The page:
Research ArticleMOLECULAR ELECTRONICS

Ferroelectric self-assembled molecular materials showing both rectifying and switchable conductivity

See allHide authors and affiliations

Science Advances  29 Sep 2017:
Vol. 3, no. 9, e1701017
DOI: 10.1126/sciadv.1701017
  • Fig. 1 A cartoon of the devices studied and the chemical structure of the investigated oFESC compounds and their supramolecular organization.

    Semiconducting cores are shown in blue, and dipolar side groups are shown in red. (I) Structures of PBI-oVDF and Pc-oVDF. (II) Structure of SubPc-amide. For details of the synthesis and characterization, see the Supplementary Materials.

  • Fig. 2 Simultaneous switching of polarization and conductivity in SubPc-amide.

    Ferroelectric polarization (A) and current (B) versus applied bias for a Au/SubPc-amide/Au diode. Polarization and current are separate measurements on the same device. Thin dotted lines indicate the coercive voltage; red dashed lines are fits to a sum of ohmic (Eq. 1) and SCLC (Eq. 2) contributions, showing that conductivity is bulk-limited. Arrows indicate loop sense. Device film thickness L = 1 μm, T = 130° to 135°C.

  • Fig. 3 Simultaneous switching of polarization and conductivity in PBI-oVDF and Pc-oVDF.

    Ferroelectric polarization (A and C) and current (B and D) versus bias for oFESC diodes based on PBI-oVDF (A and B) and Pc-oVDF (C and D). Polarization and current are separate measurements on the same device. Black and gray lines indicate different measurements; red dashed lines are fits consisting of ohmic (Eq. 1) and SCLC (Eq. 2) contributions. Arrows indicate loop sense. (A and B) L = 0.8 μm, T = 55° to 60°C. (C and D) L = 1 μm, T = 40° to 45°C. For jV curves on linear scale, see fig. S15.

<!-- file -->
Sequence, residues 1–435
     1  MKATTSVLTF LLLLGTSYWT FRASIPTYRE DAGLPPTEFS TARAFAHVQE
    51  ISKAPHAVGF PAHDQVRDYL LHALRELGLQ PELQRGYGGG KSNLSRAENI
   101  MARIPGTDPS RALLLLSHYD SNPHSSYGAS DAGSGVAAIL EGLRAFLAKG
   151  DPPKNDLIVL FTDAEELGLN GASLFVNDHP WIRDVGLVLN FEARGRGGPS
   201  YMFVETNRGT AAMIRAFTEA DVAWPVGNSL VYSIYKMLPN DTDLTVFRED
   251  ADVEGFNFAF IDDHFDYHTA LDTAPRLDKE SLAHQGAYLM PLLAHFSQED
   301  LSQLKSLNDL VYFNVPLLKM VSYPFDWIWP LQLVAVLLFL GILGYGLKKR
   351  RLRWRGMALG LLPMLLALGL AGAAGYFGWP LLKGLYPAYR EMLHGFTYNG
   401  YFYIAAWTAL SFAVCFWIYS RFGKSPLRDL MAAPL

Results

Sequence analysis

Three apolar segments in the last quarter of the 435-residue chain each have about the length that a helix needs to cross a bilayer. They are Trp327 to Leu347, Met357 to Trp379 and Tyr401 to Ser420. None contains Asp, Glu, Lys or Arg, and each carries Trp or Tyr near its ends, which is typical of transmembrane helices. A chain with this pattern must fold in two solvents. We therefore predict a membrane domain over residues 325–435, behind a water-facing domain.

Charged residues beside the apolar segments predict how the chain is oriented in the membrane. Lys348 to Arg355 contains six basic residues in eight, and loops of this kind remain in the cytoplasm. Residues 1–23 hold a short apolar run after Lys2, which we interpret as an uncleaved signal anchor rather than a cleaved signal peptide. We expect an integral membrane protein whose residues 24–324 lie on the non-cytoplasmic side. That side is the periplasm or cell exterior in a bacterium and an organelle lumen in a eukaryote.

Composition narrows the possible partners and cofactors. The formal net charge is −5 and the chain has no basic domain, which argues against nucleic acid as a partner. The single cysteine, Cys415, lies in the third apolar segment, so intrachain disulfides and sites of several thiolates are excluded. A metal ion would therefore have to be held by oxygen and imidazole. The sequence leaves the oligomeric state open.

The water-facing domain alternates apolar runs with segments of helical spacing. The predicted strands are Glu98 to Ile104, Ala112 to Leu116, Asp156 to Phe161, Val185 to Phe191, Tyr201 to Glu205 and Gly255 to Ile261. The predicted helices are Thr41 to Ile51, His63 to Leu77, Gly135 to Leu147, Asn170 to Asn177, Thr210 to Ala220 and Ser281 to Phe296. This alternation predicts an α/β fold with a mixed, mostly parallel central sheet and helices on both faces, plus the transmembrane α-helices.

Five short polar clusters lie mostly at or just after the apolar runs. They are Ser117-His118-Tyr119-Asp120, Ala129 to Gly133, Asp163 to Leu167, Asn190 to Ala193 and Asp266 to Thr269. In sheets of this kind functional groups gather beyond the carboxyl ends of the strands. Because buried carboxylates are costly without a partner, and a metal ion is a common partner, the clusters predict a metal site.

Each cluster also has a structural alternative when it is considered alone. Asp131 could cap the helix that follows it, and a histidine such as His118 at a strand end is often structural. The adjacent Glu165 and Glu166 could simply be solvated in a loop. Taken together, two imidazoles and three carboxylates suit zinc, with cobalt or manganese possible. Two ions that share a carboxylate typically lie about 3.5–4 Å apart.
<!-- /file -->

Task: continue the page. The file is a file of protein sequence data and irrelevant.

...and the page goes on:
• Fig. 4 Conductivity and polarization decay at the same rate.

    Retention of polarization (A) and current (B) in PBI-oVDF and Pc-oVDF oFESC diodes. Retention is measured by poling the diode and reading out the remaining polarization and the on-current after a waiting time t. During the waiting time, the device is grounded. Polarization and current measurements were taken successively on the same devices. Y axes are normalized to the values at t = 0 s; joff is the current in the fully depolarized state. Other parameters are shown in Fig. 3.

  • Fig. 5 Two-site model for bulk conductivity modulation based on Marcus hopping.

    (A) Electrostatic potentials of a single molecule (dark and light blue lines) and their sum (red line) of the stack of molecules shown in the lower half. The asymmetry of this potential energy landscape leads to a nonequivalence of hopping with the polarization P directed along (B) and against (D) the field F. Symmetric Marcus potentials are plotted as dashed curves in (B) and (D). The difference in energy barrier ΔE between the two polarization states causes a difference in conductivity at finite field. The resulting on/off ratio at a field of 100 V/μm is given in (C) as a function of reorganization energy λ and site energy difference ΔE0.

Supplementary Materials

  • Supplementary material for this article is available at http://advances.sciencemag.org/cgi/content/full/3/9/e1701017/DC1